you, will be the more grievous, and your own the more unwelcome, because you must part with him. These and abundance of sore afflictions are the ordinary fruits of too strong affections: and it is no rare thing for the best of God's servants to profess, that their sufferings from their friends who have overloved them, have been ten times greater than from all the enemies that ever they had in the world.

And to those that are wavering about this case, 'Whether only a common friendship with all men according to their various worth, or a bosom intimacy with some one man, be more desirable,' I shall premise a free confession of my own case, whatever censures for it I incur. When I was first awakened to the regard of things spiritual and eternal, I was exceedingly inclined to a vehement love to those that I thought the most serious saints, and especially to that intimacy with some one, which is called friendship. By which I found extraordinary benefit, and it became a special mercy to my soul. But it was by more than one or two of the aforementioned ways, that the strict bond of extraordinary friendship hath been relaxed, and my own excessive esteem" of my most intimate friends confuted. And since then I' have learned, to love all men according to their real worth, and to let out my love more extensively and without respect of persons, acknowledging all that is good in all; but with a double love and honour to the excellently wise and good; and to value men more for their public usefulness, than for their private suitableness to me; and yet to value the ordinary converse of one or a few sureable friends, before a more public and tumultuary life, except when God is publicly worshipped, or when public service inviteth me to deny the quiet of a private life: and though I more difference bétween man and man than ever, I do it not upon so slight and insufficient grounds as in the time of my unexperienced credulity: nor do I expect to find any without the defects, and blots, and failings of infirm, imperfect, mutable man. Quest. x. What qualifications should direct us in the choice of a special bosom friend?'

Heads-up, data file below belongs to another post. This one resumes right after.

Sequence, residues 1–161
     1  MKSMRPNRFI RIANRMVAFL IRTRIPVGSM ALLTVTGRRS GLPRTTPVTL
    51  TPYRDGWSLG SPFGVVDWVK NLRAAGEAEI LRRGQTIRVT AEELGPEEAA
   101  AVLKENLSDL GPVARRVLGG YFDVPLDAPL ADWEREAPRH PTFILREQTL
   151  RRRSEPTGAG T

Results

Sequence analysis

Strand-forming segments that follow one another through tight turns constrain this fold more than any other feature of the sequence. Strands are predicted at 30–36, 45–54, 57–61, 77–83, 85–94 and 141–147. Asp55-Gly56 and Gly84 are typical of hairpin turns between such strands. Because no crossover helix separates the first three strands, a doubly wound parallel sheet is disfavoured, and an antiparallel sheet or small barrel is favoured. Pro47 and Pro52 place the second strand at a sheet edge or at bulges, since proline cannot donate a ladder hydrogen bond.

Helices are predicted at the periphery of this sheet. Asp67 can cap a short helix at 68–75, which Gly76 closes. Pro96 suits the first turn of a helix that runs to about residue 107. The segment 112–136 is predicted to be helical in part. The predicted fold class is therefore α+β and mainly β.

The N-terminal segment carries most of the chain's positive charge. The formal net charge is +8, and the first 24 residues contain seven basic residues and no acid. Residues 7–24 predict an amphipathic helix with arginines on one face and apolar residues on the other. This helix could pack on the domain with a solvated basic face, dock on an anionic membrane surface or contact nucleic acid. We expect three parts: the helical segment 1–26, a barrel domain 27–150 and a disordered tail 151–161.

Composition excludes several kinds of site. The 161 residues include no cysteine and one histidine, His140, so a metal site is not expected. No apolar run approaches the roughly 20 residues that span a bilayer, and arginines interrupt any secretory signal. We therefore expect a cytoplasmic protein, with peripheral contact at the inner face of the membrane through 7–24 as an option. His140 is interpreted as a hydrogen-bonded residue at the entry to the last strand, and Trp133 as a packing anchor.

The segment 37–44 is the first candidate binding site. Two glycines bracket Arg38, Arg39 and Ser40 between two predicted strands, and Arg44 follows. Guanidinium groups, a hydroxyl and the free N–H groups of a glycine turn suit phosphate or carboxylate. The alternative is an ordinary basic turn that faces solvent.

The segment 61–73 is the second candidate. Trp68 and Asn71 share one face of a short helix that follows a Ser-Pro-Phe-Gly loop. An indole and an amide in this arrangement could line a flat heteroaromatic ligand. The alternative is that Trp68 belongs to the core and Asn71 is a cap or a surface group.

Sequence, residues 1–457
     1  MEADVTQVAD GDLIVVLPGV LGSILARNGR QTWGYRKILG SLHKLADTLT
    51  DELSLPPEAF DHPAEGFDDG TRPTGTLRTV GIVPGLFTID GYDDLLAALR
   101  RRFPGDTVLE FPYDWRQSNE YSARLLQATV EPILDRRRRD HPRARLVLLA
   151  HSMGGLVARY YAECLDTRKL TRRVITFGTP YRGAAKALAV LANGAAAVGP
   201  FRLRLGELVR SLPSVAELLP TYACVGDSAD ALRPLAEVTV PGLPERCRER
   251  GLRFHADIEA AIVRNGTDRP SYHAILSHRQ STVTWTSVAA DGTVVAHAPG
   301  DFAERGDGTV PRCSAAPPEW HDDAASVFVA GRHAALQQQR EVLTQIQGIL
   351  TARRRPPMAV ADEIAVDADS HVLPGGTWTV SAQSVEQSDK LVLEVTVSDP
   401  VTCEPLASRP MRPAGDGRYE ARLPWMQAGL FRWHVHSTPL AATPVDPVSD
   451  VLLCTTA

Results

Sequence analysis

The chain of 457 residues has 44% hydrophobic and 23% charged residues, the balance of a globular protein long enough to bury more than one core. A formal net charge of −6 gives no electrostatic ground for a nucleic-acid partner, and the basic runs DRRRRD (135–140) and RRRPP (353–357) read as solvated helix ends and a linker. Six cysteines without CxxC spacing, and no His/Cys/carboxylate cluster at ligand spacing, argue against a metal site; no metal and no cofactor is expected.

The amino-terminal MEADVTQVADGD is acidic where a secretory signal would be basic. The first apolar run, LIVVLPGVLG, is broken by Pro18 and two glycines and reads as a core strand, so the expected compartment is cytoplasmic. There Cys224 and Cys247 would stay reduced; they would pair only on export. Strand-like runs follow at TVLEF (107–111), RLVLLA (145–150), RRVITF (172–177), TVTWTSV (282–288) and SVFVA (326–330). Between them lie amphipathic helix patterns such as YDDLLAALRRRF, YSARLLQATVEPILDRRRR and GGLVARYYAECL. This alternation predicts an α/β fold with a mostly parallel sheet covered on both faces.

Answ. 1. He must be one that is sincere and singlehearted, and not given to affectation, or any thing that is much forced in his deportment; plain, and open-hearted to